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Underground Symphony

Philippe CROCHET & Annie GUIRAUD

In Fine, Paris. 2021. 336pp, 380 colour photographs. Hardback, 306mm × 306mm. Euro 65

ISBN 978-2-38203-057-8

IT is not often that a book, at first glance, can captivate your attention in the manner achieved by Underground Symphony. Then at second glance, it has the ability to mesmerise its reader yet further. This is a physically large, 35mm thick (and heavy, at over 2.8kg) volume from the French masters of cave photography, Philippe Crochet and Annie Guiraud. It is a remarkable fine art printing on top quality paper; the publisher specialises in producing books for museums and artists, and it shows.

Underground SymphonyThe couple should be well known to Descent readers, as their images have appeared on the cover and adorned showcase spreads in many editions (indeed, look no further than the back cover for one example). The award-winning collaboration of photographer Philippe and model Annie has created a wealth of underground photographs and here they present the best of their collection – a stunning 380 of them – divided into sections that, roughly, correspond to entrance areas, passages, water both serene and violent, formations as decorated caves and in close-up, ‘the unusual’, non-limestone caves and, finally, ‘fauna and fun’.

Underground Symphony is intended for an international readership and is bilingual in French and English (the French title is Symphonie en Sous-Sol).  It has been published to coincide with the celebration of the International Year of Caves and Karst and carries prefaces by the UIS President George Veni, caver Jean-Marie Chauvet (who discovered Grotte Chauvet) and cave photographer Kevin Downey. What shines through from each, and is certainly true elsewhere, is the respect that is bestowed on Philippe and Annie.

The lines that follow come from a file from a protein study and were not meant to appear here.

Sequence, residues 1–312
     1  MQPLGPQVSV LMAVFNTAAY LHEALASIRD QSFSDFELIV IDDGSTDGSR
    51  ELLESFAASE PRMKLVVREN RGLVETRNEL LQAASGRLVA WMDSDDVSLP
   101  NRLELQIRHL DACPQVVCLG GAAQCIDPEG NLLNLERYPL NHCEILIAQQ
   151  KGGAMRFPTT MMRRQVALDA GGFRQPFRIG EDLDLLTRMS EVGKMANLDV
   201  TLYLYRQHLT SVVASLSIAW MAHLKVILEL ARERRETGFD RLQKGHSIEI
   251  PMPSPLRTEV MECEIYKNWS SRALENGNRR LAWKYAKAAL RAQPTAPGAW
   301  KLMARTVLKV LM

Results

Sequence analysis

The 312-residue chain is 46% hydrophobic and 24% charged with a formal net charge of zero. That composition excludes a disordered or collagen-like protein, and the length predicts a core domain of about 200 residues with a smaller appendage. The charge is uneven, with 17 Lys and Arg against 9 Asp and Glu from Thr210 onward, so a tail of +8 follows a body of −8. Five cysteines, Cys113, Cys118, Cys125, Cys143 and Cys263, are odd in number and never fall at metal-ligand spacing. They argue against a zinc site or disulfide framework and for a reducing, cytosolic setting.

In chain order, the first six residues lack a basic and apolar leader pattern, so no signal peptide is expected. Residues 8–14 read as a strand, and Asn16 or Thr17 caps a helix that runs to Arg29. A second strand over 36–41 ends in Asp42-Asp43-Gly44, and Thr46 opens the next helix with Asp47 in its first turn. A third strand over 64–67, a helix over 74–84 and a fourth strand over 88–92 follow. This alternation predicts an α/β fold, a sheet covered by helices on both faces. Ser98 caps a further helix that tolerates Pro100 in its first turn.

Each section opens with Annie’s text, then successive photo spreads carry sometimes extensive captions. At minimum, these provide the name of the cave and its location in a region of a country, while at maximum this can be a full explanation of how a passage or speleothem formed, a short history of when it was explored, and on occasion something of how the photograph was taken. This latter topic also has its own coverage, where fellow cave photographers will be interested in learning a little of the specific flash equipment used and the techniques involved. Elsewhere, simply delight in the vibrant colours of calcite shown in close-up and the amazing formations found in the hypogean, volcanic and limestone caves that have seen the couple’s visits.

Underground Symphony is very much the ultimate coffee-table book, something ideal to show to non-cavers who simply ‘don’t get it’ – but who will after hypnotically turning these pages. For cavers, even beyond this, marvels await from some of the best known (and others almost totally unknown) caving destinations in the world that you will now lust after; this pair has indeed travelled widely across the continents.

This will not be a low-cost addition to your caving library shelf, but it is easy to see why in this limited market the volume is priced as it is. For a taster, head for, which displays 48 pages of the introductory text and photographic spreads that will surely convince you.

Chris Howes